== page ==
A sample of 355 injured workers presenting to a tertiary referral agency for supervised physical activity programmes were assessed for programme completion and changes in work status at the conclusion of the programme. Seventy-five percent of the sample comprised long-term (i.e. greater than six months) injured workers, of whom 45% were unemployed at the commencement of the programme. There was a 15% dropout rate and 49% of completers improved their work status at the end of the programme. A series of stepwise logistic regression analyses were conducted to identify predictors of dropout and improved work status. Joint pathology was the only predictor of dropout. Preprogramme work status, referral source, intervertebral pathology, and time between injury and commencement of the programme predicted post-programme work status. Those workers who were employed, referred by sources other than rehabilitation providers, such as doctors, employers or insurers, did not have a diagnosis including intervertebral pathology and who began their programmes within six months of injury were more likely to improve their work status at the conclusion of the programme. Other factors including age, gender, occupation, insurer category, location of injury (i.e. lumbar or other), and neurological signs predicted neither programme completion nor change in work status.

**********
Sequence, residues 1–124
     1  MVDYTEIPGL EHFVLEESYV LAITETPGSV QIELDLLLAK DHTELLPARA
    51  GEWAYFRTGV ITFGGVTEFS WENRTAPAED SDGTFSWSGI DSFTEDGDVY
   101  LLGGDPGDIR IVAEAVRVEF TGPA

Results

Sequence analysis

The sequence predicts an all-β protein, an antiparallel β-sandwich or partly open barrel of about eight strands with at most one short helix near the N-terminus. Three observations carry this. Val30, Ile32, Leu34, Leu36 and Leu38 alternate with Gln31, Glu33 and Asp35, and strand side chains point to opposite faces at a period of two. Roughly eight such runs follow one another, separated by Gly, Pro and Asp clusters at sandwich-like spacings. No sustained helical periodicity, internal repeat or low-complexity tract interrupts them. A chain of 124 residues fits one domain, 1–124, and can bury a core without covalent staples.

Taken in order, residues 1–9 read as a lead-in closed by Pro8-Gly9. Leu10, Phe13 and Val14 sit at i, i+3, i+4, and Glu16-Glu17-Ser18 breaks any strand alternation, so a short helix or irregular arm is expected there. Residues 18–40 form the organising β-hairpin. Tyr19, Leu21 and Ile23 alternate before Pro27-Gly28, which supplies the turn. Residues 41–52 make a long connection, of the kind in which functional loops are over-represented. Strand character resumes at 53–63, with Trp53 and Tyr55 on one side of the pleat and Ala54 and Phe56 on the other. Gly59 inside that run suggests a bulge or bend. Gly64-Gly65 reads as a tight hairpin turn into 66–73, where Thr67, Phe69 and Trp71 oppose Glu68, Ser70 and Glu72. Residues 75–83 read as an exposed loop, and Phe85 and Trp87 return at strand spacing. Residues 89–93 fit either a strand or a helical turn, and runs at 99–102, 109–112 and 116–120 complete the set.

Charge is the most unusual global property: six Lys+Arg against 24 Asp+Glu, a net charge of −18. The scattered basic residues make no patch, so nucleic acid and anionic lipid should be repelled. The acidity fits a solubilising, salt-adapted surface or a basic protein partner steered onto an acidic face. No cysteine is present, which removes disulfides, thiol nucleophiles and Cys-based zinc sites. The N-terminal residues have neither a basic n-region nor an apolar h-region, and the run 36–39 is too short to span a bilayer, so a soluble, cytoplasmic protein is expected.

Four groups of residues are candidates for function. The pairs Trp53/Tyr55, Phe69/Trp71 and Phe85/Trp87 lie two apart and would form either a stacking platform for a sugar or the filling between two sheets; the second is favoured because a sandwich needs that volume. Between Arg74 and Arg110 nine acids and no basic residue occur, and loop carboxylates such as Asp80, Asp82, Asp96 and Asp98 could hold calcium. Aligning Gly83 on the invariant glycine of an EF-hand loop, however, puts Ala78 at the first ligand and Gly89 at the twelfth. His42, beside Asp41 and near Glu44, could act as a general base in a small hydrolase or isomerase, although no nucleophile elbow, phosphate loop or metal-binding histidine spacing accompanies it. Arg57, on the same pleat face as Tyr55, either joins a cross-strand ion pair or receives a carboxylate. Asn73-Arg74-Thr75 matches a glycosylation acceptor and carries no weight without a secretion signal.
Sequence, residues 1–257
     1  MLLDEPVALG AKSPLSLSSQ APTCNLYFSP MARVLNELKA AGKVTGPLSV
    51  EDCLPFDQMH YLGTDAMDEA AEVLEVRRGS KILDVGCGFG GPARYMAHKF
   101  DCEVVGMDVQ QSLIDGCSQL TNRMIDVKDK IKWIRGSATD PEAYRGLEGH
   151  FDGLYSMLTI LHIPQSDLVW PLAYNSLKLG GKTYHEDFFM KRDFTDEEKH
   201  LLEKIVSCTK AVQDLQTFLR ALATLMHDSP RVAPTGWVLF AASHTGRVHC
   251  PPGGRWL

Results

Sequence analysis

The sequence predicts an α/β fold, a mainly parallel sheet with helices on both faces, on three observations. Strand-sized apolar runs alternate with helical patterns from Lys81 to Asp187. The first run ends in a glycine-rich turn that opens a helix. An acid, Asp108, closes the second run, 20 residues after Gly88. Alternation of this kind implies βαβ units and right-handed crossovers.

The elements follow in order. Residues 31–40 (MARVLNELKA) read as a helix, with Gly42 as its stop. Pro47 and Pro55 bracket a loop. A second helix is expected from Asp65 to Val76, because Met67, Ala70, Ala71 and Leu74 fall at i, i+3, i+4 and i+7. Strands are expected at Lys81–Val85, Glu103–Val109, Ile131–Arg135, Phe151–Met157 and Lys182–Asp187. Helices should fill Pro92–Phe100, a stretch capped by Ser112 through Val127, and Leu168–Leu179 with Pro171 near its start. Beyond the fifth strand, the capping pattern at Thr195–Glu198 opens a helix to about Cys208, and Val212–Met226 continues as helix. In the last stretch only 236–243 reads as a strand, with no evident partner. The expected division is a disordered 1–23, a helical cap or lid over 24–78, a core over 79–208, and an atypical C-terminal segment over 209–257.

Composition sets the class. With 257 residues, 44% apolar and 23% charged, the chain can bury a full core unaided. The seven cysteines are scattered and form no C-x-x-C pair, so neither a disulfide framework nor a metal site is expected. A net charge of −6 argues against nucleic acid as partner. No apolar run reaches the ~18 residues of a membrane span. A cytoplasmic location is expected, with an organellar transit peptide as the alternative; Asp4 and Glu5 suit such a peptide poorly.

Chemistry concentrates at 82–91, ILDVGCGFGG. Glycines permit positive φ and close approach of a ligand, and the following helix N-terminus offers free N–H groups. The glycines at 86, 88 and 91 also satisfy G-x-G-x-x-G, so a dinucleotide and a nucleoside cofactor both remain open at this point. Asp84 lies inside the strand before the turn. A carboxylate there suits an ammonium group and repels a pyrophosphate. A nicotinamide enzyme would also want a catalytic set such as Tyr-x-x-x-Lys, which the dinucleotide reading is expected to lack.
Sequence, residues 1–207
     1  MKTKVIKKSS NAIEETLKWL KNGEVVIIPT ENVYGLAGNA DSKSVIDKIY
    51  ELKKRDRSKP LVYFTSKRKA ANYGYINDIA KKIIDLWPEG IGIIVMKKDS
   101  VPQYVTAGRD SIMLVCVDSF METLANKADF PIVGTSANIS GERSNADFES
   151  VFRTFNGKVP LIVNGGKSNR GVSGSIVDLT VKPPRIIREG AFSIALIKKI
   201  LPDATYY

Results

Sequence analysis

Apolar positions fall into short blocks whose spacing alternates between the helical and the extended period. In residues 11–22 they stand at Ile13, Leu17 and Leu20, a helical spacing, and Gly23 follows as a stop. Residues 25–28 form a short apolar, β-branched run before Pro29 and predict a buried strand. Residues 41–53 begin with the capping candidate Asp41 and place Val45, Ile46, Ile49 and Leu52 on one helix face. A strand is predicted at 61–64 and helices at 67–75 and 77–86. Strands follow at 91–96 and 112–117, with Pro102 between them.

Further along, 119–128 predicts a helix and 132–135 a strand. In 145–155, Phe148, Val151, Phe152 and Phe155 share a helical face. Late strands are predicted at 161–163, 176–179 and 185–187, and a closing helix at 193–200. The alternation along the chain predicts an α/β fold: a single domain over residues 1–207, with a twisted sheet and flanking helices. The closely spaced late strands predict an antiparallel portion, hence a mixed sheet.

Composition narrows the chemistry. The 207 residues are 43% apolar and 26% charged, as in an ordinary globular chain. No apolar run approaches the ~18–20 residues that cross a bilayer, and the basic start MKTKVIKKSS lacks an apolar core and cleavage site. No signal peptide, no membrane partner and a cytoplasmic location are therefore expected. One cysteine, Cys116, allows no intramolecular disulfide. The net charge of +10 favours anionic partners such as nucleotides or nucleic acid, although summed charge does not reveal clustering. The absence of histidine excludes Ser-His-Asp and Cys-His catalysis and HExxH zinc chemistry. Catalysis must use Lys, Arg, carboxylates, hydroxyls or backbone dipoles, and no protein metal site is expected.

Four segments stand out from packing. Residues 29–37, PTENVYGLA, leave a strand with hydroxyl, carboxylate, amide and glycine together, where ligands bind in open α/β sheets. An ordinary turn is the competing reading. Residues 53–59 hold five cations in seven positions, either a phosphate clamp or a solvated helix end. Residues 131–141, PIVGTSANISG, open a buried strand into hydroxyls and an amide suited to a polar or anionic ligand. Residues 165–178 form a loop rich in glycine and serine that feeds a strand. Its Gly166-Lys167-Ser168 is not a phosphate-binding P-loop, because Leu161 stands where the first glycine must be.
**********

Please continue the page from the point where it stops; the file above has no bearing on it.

|Number of pages||11|
|Journal||International Journal of Rehabilitation Research|
|Publication status||Published - 2000|
- Active rehabilitation
- Injured workers
- Programme outcome